The presidency has warned South Africans to be on the lookout for social media scam where people are asked to deposit money into designated bank accounts in support of President Jacob Zuma’s Nkandla bill.
Presidency spokesman, Bongani Ngqulunga emphasized in a statement that members of the public have not been asked to contribute towards helping President Jacob Zuma pay back the R7.8 million for non-security upgrades to Nkandla as determined by National Treasury.
“Such requests have fraudulently been made in light of the submission of the Nkandla homestead non-security upgrades report to the Constitutional Court by the National Treasury,” the statement added.
Ngqulunga also stated that no bank account has been opened for this purpose.
On Tuesday, the Treasury informed the Constitutional Court on Monday that it has fixed Jacob Zuma’s Nkandla bill at just over R7.8 million. This follows Constitutional Court Chief Justice Mogoeng Mogoeng ruling in March that the National Treasury must determine a “reasonable percentage” of the costs which should be paid personally by the president.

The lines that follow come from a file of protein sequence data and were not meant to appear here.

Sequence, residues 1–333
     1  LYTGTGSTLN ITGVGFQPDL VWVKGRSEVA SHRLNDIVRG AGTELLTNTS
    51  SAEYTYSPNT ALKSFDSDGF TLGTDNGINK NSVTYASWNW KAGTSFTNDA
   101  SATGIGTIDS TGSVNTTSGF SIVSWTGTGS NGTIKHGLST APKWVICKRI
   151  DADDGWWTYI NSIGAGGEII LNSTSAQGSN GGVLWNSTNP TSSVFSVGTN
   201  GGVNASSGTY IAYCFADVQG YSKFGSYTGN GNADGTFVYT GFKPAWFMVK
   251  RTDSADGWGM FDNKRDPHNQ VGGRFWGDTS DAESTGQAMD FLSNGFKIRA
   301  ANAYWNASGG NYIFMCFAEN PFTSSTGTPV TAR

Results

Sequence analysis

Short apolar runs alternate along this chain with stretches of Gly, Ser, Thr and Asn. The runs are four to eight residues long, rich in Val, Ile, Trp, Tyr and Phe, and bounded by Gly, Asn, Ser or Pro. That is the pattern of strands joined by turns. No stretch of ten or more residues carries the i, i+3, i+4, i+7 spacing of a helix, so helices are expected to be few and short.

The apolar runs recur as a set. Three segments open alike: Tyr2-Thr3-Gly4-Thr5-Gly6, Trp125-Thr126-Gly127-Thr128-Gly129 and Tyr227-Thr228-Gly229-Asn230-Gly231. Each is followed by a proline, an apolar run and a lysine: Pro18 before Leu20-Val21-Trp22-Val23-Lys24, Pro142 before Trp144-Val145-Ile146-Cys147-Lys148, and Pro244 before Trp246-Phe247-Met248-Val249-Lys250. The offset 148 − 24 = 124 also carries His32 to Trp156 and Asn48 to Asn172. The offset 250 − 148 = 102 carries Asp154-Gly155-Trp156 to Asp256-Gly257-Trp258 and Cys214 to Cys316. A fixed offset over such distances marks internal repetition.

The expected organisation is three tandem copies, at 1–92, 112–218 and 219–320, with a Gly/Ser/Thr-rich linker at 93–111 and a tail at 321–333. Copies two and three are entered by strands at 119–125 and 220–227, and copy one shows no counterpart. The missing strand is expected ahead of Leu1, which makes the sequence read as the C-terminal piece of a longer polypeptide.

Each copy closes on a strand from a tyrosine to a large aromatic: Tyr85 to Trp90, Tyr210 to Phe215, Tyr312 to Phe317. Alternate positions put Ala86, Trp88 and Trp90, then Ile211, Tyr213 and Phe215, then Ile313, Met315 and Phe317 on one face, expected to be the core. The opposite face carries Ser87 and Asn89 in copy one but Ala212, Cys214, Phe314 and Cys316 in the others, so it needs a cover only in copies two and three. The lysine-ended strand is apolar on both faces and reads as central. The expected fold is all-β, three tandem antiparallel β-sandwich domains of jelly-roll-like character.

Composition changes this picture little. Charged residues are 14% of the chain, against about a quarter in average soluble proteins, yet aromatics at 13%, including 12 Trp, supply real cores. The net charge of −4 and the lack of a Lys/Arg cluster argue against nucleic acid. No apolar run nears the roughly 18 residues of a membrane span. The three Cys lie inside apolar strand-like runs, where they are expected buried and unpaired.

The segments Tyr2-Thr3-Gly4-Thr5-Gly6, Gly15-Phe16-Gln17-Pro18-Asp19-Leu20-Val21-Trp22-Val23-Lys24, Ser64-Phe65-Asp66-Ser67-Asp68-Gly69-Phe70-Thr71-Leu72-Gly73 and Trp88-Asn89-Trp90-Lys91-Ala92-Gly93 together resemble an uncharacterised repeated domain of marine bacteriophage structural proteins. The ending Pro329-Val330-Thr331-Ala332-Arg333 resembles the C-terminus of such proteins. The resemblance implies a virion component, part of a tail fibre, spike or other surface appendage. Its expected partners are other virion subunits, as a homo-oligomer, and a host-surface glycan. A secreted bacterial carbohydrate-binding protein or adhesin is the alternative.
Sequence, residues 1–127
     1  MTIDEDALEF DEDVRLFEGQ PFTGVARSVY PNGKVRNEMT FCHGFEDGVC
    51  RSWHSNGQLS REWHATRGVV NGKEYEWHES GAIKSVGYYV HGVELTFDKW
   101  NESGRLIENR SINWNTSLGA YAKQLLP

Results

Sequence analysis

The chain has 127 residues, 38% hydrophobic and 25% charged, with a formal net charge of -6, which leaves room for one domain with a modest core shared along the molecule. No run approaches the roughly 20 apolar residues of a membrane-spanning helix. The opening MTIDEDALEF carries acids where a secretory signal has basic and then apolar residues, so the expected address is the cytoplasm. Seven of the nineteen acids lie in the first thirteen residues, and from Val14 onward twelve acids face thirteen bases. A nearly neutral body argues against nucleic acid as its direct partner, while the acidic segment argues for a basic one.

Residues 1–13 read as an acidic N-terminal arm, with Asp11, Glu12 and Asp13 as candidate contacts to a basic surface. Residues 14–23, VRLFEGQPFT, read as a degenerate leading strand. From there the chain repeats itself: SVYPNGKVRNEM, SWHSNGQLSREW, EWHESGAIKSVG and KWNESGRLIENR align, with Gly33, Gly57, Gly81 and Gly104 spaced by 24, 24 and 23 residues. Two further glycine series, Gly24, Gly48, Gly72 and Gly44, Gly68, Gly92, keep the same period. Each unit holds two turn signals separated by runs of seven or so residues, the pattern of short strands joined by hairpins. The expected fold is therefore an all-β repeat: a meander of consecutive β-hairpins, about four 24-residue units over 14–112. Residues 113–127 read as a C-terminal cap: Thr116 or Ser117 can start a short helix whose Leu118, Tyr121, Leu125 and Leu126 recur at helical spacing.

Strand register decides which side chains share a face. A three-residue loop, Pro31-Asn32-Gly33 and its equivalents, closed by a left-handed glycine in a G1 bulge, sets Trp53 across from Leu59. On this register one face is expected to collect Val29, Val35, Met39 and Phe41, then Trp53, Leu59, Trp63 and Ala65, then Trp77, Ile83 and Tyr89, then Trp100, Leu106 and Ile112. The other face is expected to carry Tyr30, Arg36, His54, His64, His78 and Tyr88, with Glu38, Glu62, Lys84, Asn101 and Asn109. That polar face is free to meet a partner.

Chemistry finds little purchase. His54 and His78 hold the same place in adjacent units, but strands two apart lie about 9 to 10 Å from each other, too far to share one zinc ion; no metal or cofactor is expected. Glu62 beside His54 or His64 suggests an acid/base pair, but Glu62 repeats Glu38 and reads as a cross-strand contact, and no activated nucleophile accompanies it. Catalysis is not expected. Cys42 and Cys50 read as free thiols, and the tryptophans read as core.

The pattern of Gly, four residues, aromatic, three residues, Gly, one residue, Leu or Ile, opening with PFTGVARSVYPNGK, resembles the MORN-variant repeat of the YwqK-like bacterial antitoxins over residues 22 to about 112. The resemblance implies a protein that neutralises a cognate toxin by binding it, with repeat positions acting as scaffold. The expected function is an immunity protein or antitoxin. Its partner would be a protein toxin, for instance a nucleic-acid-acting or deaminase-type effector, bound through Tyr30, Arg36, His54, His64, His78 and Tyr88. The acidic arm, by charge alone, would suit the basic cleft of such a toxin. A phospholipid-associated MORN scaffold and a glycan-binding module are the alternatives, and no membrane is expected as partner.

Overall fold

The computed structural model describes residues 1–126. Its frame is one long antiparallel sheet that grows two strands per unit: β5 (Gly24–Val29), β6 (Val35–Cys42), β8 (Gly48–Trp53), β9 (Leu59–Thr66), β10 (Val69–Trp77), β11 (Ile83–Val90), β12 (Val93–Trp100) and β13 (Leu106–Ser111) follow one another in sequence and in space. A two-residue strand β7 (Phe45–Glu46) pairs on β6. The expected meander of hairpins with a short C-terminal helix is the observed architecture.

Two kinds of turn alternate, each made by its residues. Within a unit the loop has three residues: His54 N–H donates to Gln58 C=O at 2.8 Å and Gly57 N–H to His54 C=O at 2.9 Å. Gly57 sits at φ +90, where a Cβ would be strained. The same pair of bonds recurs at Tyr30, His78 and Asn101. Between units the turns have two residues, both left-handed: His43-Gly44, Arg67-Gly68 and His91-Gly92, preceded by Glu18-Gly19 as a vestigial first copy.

The ConCourt also ruled that the National Treasury was to determine the amount within 60 days, in addition, the “president must personally pay the amount … within 45 days.
The upgrades identified from the R246 million upgrades include Zuma’s visitors’ centre, amphitheater, cattle kraal, chicken run and a swimming pool.
A breakdown of the total cost indicate that R3.96 million was spent on the swimming pool; R3.92 million was spent on the visitors centre, R1.2- million was spent on the cattle kraal and chicken run while the cost of Zuma’s amphitheater is still unclear, according to an earlier report obtained.
The court’s ruling also confirmed that the Public Protector’s findings were binding and could not be second-guessed and could only be challenged on legal review.